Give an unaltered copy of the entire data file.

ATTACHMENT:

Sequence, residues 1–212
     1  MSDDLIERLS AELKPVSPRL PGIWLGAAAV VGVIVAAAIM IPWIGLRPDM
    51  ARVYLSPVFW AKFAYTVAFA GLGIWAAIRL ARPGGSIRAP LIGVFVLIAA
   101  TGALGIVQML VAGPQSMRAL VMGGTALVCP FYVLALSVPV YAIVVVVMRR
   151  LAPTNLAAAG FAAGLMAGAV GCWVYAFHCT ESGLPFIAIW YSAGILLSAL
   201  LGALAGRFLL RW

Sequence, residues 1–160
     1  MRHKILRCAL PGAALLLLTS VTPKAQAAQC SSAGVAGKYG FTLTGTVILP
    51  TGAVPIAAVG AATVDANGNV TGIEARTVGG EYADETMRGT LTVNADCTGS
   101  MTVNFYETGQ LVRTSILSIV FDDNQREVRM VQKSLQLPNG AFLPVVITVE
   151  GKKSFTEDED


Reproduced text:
Sequence, residues 1–212
     1  MSDDLIERLS AELKPVSPRL PGIWLGAAAV VGVIVAAAIM IPWIGLRPDM
    51  ARVYLSPVFW AKFAYTVAFA GLGIWAAIRL ARPGGSIRAP LIGVFVLIAA
   101  TGALGIVQML VAGPQSMRAL VMGGTALVCP FYVLALSVPV YAIVVVVMRR
   151  LAPTNLAAAG FAAGLMAGAV GCWVYAFHCT ESGLPFIAIW YSAGILLSAL
   201  LGALAGRFLL RW

Sequence, residues 1–160
     1  MRHKILRCAL PGAALLLLTS VTPKAQAAQC SSAGVAGKYG FTLTGTVILP
    51  TGAVPIAAVG AATVDANGNV TGIEARTVGG EYADETMRGT LTVNADCTGS
   101  MTVNFYETGQ LVRTSILSIV FDDNQREVRM VQKSLQLPNG AFLPVVITVE
   151  GKKSFTEDED